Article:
Technique likely to slash cancer drug delivery time

July 23rd, 2008 - 2:22 pm ICT by IANS  

Washington, July 23 (IANS) A new technique may now make it possible to deliver cancer-fighting drugs to the targeted areas within hours, as against two days taken by existing systems. Using lab mice, Case Western Reserve University (CWRU) researches slashed drug delivery time from two days to mere hours. Modelling this for human use will enable cancer patients to receive the required drugs within hours of injection.

The system uses gold nanoparticle vectors to deliver photodynamic therapy (PDT) drugs through the bloodstream to cancerous sites.

“Gold nanoparticles are usually not used for the PDT drug vector. However, gold is chemically inert and non-toxic,” said Yu Cheng, CWRU graduate.

Photodynamic therapy utilises light-sensitive drugs that, when exposed to light of a certain wavelength, will energize and burn away cancer cells.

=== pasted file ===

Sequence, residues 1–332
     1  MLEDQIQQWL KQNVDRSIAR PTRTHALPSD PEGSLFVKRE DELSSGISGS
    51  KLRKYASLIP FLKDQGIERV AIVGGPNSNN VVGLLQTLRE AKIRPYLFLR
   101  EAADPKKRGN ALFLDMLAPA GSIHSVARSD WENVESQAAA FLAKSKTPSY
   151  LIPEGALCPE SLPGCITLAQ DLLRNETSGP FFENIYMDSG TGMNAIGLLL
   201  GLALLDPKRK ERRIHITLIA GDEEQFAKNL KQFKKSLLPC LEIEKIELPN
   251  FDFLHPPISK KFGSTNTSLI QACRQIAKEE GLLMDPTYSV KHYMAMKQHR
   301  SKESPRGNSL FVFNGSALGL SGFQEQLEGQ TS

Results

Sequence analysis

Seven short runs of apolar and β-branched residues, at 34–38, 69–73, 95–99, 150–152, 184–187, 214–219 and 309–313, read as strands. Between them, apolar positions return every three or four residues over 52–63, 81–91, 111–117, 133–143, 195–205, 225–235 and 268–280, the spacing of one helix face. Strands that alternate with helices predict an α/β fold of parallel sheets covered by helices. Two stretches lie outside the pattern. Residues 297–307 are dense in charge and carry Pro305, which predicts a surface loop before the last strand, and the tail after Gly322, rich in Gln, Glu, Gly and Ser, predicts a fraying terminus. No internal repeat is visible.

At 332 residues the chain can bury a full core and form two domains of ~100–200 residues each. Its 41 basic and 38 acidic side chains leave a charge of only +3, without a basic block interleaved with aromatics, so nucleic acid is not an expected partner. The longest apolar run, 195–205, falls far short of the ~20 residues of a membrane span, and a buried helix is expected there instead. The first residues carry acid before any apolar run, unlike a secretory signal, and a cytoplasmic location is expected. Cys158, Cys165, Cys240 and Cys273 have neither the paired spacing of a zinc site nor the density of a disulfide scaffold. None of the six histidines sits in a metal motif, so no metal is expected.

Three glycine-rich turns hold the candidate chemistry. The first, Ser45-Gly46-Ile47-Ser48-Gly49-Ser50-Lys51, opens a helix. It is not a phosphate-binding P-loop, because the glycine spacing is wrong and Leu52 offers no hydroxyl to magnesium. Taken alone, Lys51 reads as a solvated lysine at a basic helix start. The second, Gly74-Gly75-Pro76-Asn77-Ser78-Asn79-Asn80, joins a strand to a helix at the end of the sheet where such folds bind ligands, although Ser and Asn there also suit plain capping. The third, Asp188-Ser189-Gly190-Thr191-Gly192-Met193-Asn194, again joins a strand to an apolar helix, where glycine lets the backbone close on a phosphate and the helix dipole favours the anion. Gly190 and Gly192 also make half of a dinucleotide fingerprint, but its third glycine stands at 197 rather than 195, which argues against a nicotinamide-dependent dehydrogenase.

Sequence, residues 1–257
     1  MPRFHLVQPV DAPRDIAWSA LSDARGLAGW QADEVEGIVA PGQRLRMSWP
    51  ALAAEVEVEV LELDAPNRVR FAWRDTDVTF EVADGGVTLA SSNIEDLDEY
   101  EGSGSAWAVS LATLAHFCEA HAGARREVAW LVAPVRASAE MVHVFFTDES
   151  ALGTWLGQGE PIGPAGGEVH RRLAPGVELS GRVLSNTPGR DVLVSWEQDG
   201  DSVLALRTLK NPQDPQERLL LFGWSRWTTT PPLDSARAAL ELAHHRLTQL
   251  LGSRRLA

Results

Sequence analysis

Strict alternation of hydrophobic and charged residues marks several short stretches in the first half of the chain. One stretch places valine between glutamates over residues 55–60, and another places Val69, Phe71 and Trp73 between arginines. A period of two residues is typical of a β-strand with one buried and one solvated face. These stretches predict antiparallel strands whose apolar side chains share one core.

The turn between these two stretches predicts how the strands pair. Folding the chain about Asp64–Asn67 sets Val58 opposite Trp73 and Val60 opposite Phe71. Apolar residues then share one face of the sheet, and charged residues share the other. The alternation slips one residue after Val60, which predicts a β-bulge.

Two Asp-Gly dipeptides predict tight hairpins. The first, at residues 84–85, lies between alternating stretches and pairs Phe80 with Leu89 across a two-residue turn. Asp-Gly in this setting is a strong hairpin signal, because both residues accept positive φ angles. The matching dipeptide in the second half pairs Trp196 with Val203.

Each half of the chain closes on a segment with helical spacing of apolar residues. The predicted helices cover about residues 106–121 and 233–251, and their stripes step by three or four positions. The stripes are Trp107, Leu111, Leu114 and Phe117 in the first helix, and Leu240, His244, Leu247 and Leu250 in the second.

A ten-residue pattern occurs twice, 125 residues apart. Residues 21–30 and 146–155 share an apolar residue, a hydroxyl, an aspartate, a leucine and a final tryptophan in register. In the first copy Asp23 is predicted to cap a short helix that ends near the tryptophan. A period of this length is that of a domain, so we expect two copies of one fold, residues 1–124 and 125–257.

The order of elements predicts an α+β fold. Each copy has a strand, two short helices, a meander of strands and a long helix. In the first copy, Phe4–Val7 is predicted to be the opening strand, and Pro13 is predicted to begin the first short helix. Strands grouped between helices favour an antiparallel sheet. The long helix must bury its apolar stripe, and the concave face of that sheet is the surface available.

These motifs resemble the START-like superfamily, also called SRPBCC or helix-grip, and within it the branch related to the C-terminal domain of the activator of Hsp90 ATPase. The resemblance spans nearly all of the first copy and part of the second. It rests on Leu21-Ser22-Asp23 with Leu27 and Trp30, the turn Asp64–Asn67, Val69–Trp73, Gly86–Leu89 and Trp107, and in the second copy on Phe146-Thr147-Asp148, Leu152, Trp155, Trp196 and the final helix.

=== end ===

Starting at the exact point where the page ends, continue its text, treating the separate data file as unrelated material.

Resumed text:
Because exposure to light activates these drugs, PDT patients must keep out of bright lights for days while the drugs make their way through the bloodstream to the cancer site.

“By shortening the waiting time from drug injection to activation, PDT patients are much less inconvenienced and tend to have a more normal lifestyle,” said Clemens Burda, associate professor of chemistry and director of the CWRU Centre for Chemical Dynamics and Nanomaterials Research.

The drug delivery system uses a gold nanoparticle (Au NP) as its hub. Each Au NP is coated with polyethylene glycol (PEG) ligands, giving it the appearance of a hairy ball, said Burda. These PEG molecules offer several advantages over other materials.

They are soluble in fats and water, don’t interact with proteins in the bloodstream and help protect the drug, keeping it safe and stable until delivery to the cancer site.

Burda says that a potential future research project would look at providing a time-release administration of the drug rather than a more all-at-once release. In the long term, Burda hopes to make the Au NP delivery system applicable to a broad range of diseases.

These findings will appear in the next edition of the Journal of the American Chemical Society.

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